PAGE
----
I've been concentrating mostly on the rather wonderful 4K video output from the Leica D-LUX (Typ 109) up to now, so I thought I'd do an article on how it works for me as a stills camera.
Last evening was a case of chasing the 'magic hour' light. Lots of driving to get into position for fleeting bursts of that low sun warm evening light that transforms landscape images. As you can see, I did succeed in getting some images I was pleased with. This is often difficult light, with bright areas and dense shadows and shooting contra-jour (against the light) can be a real test of a digital camera sensor. HDR is a possibility, but I like to lift shadows and tone down highlights in Photoshop ACR. As you can see above, the Leica D-LUX (Typ 109) is perfectly capable of turning out a balanced image, with all the 'punch' that great light produces, but also with a wide range of tones as well.
If there is any image quality difference between the Panasonic and Leica versions of what is essentially the same camera, it's here, in the colour and tone rendition. Leica do like saturated colour and strong contrast, as do I and it shows in these images. It's an old cliche and I'm not sure it's that important in these days of Photoshop, but the closer Leica can get to a digital equivalent of a 'film' look, the more they seem to like it. And I have to say again, so do I. Now I don't have an LX100 to compare, so I am presuming somewhat. However, all the Leicas I've owned do have a little more saturation and a little more contrast than other cameras, plus they seem to let more image detail through as well, even if that means slightly more noise. It's a small thing, but as far as I'm concerned it makes a difference, however slight that may be.
I've also mentioned the fact that the D-LUX has an add-on grip. The camera is already 12g heavier than the Panasonic, so with the attached grip (around 70g on my kitchen scales) it's a weightier camera. Now again, I like this and the fact that the grip makes the camera slightly bigger than the LX100. It's all personal preference of course, but I really like the handling of the D-LUX, which is unusual for me and a small camera. In fact I like it very much and to me it's another example of the Leica difference. Panasonic are a very innovative company and they are leading the rest of the industry in lots of areas. But they haven't been making cameras for close to 100 years. And in the cases where there is a difference between the models that the two companies produce, I'll pretty much always prefer the Leica.
Now it's actually quite odd that the Leica D-LUX (Typ 109) is slightly different to the Panasonic LX100. As far as I'm aware they are manufactured by Panasonic and the FZ1000 and V-LUX 4 certainly seem to be identical. So this add-on grip is obviously a Leica choice. And it's not just a cosmetic difference. The D-LUX will feel larger and heavier than the LX100. Again, personally speaking, that's something I like.
There is however an ergonomic feature that Leica haven't got right. The strap and how it attaches to the camera. Panasonic have 'normal' strap lugs, which means you can use the provided strap or whatever you want. However Leica have these tiny lugs and a strap that has an O ring already attached. So you have to attach that to the camera, which is ridiculously fiddly and means of course it's ridiculously fiddly to remove it. I've solved the problem by removing the O rings from the strap and fitting them to the camera, which means I can use whatever strap I want. And remove it easily. As I mentioned in a previous article the camera + grip fits into my Leica T holster anyway. It's a squeeze, but it does fit and that's a much better way to carry the camera around.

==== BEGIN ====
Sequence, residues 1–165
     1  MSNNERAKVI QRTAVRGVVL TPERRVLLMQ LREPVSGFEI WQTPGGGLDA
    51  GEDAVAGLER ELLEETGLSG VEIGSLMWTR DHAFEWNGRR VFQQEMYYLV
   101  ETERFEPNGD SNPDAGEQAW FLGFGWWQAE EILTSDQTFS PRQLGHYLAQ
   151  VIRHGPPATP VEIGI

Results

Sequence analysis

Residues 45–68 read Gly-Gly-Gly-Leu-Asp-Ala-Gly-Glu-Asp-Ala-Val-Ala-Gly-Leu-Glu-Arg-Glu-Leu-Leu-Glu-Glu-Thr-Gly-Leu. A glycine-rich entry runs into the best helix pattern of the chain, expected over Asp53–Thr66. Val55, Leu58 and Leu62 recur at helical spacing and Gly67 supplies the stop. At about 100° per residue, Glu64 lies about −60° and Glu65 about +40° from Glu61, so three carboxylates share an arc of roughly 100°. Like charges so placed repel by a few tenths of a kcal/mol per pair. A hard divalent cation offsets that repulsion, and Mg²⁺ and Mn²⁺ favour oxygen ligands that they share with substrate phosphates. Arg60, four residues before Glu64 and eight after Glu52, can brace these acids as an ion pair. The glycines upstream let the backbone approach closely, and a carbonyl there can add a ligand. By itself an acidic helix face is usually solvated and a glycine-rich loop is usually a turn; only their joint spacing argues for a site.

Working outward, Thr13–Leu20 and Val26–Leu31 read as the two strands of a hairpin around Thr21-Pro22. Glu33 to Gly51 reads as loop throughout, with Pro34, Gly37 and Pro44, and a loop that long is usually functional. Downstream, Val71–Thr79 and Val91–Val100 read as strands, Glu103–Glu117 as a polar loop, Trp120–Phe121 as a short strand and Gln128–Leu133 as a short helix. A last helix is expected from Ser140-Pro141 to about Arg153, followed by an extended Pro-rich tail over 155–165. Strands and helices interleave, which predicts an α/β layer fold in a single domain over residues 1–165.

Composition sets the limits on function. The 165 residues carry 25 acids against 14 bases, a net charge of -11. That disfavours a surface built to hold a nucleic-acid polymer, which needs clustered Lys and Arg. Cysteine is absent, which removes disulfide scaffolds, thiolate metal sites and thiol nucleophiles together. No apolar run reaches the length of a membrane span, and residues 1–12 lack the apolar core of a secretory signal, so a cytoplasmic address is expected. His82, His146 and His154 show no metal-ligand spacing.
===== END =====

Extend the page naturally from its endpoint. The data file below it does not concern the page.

So it's all small stuff, but there is some difference between the Panasonic and Leica versions of the camera. For many I'm sure it's unimportant or they will prefer the Panasonic. However, for me it does make a difference. Particularly since I'm very impressed with the camera. More so than I thought. I bought it mostly for the 4K video option, but I like using it more and more for stills as well. In fact, it's sneaking up on the Olympus OM-D E-M5 II for that coveted (???) Soundimageplus camera of the year award.
It's nowhere near as comprehensively featured as the Olympus of course, but then I rarely use comprehensive features anyway. I love the video, which shows the Olympus up in this regard and indeed shows up all the other cameras I have as well. The 4K footage downsized to 1080 HD is the best I've ever created. Better than my Sony's and Fuji's. (Though with the latter that's not actually difficult! My phones shoot significantly better footage than any Fuji camera I've used) And the still images are also excellent. By keeping the pixel count down to 12MP, Panasonic, who make the sensor have provided a little more dynamic range and a slightly sharper result than I'm used to with m4/3.
I'm presuming this is a new sensor, which is likely with the multi-aspect function, last seen in the Panasonic GH2 I think. And if you are unaware of how this works, click on the diagram below.
As regular readers will be aware, I'm always upsizing images for the stock libraries I sell through and I've managed to get these D-LUX files up to 24MP from raw. So that's a bonus.
All in all, this is a superb little camera and suffers from very few of those small camera flaws that I often encounter. Most importantly it feels like a camera I want to go and shoot pictures with, which is more than I can say for some of it's larger counterparts on my camera shelf. More to come.